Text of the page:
"LPC-10" compression uses a different form of Linear Predictive Coding, as specified by United States Department of Defense Federal Standard 1015 / NATO-STANAG-4198, republished as Federal Information Processing Standards Publication 137 (FIPS Pub 137). LPC-10 compression encodes real-time audio into a 2400 bit per second stream. Even accounting for the additional information required to transfer audio packets over the network, LPC-10 compresses audio to only 346 bytes per second--a factor of more than 26 to 1. Audio fidelity in LPC-10 compression is less than that of GSM compression, but entirely adequate for voice-grade communications. As with the LPC compression mode described above, try to avoid driving the audio input into clipping with overly-loud signals, and eliminate hum and background noise which can interfere with the compression process. The principal disadvantage of LPC-10 compression is that it is extraordinarily computationally intense, and does most of its calculations in floating point. A math coprocessor (or on-chip floating point unit as found in 486DX and Pentium processors) is absolutely required to run LPC-10 compression in real time, and slower machines may not be able to use LPC-10 even if equipped with a math coprocessor.
Only one of the compression modes GSM, ADPCM, LPC, CELP, and LPC-10 may be selected at once. Choosing any of them turns off a previously-selected mode.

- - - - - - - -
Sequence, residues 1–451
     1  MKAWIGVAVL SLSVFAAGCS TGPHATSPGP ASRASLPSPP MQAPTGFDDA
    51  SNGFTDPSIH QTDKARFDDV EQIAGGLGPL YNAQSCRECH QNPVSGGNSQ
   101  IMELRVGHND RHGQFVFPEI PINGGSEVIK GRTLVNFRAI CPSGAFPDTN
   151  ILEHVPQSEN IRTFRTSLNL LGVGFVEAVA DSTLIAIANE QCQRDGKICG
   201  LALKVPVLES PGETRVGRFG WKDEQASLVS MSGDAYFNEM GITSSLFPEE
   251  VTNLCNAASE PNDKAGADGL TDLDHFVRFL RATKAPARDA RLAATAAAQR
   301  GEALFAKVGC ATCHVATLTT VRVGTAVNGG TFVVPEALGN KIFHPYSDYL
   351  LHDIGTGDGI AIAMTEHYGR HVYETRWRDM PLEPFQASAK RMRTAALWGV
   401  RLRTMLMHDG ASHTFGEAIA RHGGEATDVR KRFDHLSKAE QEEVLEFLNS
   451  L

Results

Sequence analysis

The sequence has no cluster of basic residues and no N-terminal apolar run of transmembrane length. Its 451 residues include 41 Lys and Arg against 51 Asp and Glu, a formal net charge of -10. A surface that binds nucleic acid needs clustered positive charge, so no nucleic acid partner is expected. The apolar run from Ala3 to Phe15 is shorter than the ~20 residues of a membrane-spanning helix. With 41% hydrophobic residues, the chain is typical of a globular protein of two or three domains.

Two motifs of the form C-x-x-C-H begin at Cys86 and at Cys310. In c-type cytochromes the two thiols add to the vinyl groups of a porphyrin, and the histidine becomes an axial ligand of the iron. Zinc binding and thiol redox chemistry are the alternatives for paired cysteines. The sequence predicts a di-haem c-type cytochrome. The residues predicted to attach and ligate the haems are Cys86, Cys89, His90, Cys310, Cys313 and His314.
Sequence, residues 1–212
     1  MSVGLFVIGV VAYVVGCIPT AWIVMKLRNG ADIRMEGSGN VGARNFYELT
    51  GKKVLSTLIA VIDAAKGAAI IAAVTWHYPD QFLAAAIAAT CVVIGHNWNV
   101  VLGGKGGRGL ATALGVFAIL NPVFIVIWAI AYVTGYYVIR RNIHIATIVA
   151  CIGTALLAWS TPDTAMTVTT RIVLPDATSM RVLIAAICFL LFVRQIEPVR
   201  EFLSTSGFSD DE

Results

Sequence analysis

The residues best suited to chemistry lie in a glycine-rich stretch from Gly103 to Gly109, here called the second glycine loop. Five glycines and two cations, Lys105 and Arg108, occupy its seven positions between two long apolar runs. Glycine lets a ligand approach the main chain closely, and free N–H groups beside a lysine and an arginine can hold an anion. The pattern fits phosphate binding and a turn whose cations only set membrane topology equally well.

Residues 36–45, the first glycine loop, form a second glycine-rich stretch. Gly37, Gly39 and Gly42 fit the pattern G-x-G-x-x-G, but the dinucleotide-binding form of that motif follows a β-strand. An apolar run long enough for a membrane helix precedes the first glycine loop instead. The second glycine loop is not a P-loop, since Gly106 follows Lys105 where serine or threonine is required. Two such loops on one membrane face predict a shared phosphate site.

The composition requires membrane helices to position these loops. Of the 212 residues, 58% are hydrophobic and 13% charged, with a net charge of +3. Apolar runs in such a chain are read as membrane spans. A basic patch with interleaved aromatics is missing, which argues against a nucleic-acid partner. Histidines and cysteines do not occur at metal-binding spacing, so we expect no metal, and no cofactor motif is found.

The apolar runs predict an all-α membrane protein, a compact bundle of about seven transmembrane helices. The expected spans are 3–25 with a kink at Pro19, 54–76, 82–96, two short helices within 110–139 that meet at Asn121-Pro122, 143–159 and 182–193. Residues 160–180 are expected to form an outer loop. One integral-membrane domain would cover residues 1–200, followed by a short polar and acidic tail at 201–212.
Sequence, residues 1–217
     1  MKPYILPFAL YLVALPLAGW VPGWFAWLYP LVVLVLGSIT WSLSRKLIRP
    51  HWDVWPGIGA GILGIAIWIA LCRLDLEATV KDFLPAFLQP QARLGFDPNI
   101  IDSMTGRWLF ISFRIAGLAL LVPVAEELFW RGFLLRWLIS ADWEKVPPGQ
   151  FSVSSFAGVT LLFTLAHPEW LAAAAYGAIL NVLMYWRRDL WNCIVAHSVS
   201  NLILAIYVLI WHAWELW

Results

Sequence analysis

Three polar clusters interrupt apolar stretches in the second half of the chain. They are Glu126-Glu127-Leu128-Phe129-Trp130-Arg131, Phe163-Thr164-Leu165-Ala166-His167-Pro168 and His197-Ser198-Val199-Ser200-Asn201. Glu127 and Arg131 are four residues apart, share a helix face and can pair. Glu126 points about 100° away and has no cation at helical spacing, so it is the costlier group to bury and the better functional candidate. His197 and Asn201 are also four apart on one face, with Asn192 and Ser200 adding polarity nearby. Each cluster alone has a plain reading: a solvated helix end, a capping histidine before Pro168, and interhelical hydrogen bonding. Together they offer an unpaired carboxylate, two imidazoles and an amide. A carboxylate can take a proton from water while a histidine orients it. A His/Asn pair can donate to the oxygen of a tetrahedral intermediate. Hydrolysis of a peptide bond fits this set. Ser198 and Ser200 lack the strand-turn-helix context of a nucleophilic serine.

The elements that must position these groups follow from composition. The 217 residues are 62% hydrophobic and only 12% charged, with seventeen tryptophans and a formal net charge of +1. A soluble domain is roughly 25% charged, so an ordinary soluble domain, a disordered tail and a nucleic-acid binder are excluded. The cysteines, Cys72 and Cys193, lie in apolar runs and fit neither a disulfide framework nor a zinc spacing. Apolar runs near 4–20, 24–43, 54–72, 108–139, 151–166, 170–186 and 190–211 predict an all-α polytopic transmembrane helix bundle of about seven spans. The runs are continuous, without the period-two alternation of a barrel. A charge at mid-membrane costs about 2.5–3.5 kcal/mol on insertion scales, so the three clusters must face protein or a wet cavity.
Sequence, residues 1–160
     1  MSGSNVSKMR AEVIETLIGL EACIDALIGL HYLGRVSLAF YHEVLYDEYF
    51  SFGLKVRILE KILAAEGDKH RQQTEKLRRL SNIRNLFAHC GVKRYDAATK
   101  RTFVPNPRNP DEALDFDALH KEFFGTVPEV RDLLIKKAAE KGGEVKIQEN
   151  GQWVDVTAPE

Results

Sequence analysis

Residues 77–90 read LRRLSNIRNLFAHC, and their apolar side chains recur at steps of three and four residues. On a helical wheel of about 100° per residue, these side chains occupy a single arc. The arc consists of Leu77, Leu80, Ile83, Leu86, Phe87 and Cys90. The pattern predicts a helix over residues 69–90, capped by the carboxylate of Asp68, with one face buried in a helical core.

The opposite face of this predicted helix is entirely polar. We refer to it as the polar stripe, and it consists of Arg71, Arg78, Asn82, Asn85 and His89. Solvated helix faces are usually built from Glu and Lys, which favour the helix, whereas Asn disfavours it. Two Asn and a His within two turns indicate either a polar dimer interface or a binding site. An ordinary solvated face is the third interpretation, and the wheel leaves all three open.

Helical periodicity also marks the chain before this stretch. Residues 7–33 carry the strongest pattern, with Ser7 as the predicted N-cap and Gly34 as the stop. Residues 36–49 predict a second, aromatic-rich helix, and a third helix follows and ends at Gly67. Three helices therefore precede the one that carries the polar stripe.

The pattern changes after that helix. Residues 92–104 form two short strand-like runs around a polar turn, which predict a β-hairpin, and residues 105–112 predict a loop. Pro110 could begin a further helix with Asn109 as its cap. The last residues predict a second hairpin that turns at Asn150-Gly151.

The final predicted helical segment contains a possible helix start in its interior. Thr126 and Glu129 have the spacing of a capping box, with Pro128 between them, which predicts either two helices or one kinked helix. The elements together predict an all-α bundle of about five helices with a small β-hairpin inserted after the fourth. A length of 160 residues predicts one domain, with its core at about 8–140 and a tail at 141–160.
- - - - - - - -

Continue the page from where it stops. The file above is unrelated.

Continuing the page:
Here's a summary of the various compression options available to you:
|Bytes per||Kilobits per||Need fast||Sound|
|Simple + ADPCM||2000||20000||No||Lousy|
|Simple + GSM||825||8250||Yes||Lousy|
You can experiment to determine which settings work best by connecting to an echo server which returns any sound you send to it after a 10 second delay.
The extreme degree of compression achieved by compression modes such as GSM, CELP, LPC, and LPC-10, which encode audio into much less bandwidth than many Internet links, allows Speak Freely, to offer an optional Robust Transmission mode. By default, Speak Freely sends a single copy of each sound packet to the site you're connected to. In Robust Transmission mode, between two and eight copies of every sound packet are sent, each containing a sequence number that allows the recipient to discard duplicate or out-of-sequence packets. If the Internet link between you and the person you're talking to is congested and you're experiencing drop-outs, Robust Transmission mode may substantially improve the quality of the connection.